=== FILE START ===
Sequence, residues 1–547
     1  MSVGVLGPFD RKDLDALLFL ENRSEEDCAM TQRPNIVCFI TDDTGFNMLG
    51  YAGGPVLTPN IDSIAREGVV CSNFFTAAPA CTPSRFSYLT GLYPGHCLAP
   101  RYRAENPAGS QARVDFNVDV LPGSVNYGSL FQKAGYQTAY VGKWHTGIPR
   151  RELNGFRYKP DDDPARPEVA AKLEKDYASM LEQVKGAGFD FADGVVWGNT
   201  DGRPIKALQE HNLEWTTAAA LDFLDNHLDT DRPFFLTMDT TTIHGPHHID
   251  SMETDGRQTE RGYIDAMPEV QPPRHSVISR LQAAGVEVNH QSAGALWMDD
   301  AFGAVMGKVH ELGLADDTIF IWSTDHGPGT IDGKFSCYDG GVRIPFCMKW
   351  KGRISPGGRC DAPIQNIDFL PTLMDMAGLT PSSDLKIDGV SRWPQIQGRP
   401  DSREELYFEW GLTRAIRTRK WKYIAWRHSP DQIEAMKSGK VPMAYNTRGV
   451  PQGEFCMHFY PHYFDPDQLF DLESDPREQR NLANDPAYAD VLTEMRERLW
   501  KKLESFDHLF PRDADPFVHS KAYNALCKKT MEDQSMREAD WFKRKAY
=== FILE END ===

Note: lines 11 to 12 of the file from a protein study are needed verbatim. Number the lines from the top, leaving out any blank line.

   451  PQGEFCMHFY PHYFDPDQLF DLESDPREQR NLANDPAYAD VLTEMRERLW
   501  KKLESFDHLF PRDADPFVHS KAYNALCKKT MEDQSMREAD WFKRKAY